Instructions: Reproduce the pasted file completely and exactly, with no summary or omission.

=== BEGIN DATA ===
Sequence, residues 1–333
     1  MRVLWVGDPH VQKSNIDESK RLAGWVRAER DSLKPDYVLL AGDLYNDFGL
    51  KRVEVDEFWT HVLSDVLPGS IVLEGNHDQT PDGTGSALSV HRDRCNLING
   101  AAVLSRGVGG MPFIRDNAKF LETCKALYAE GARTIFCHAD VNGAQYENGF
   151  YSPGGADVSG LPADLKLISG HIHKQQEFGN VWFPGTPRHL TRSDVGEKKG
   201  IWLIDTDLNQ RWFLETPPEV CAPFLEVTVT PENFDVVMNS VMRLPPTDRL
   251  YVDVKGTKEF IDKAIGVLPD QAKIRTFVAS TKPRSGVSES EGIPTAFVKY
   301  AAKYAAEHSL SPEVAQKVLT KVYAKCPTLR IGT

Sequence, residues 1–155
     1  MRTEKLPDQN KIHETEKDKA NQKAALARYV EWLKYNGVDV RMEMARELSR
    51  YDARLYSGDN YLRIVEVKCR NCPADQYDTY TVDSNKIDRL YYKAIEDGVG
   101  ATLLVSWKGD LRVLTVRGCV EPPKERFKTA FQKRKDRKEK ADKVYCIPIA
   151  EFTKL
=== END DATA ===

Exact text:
Sequence, residues 1–333
     1  MRVLWVGDPH VQKSNIDESK RLAGWVRAER DSLKPDYVLL AGDLYNDFGL
    51  KRVEVDEFWT HVLSDVLPGS IVLEGNHDQT PDGTGSALSV HRDRCNLING
   101  AAVLSRGVGG MPFIRDNAKF LETCKALYAE GARTIFCHAD VNGAQYENGF
   151  YSPGGADVSG LPADLKLISG HIHKQQEFGN VWFPGTPRHL TRSDVGEKKG
   201  IWLIDTDLNQ RWFLETPPEV CAPFLEVTVT PENFDVVMNS VMRLPPTDRL
   251  YVDVKGTKEF IDKAIGVLPD QAKIRTFVAS TKPRSGVSES EGIPTAFVKY
   301  AAKYAAEHSL SPEVAQKVLT KVYAKCPTLR IGT

Sequence, residues 1–155
     1  MRTEKLPDQN KIHETEKDKA NQKAALARYV EWLKYNGVDV RMEMARELSR
    51  YDARLYSGDN YLRIVEVKCR NCPADQYDTY TVDSNKIDRL YYKAIEDGVG
   101  ATLLVSWKGD LRVLTVRGCV EPPKERFKTA FQKRKDRKEK ADKVYCIPIA
   151  EFTKL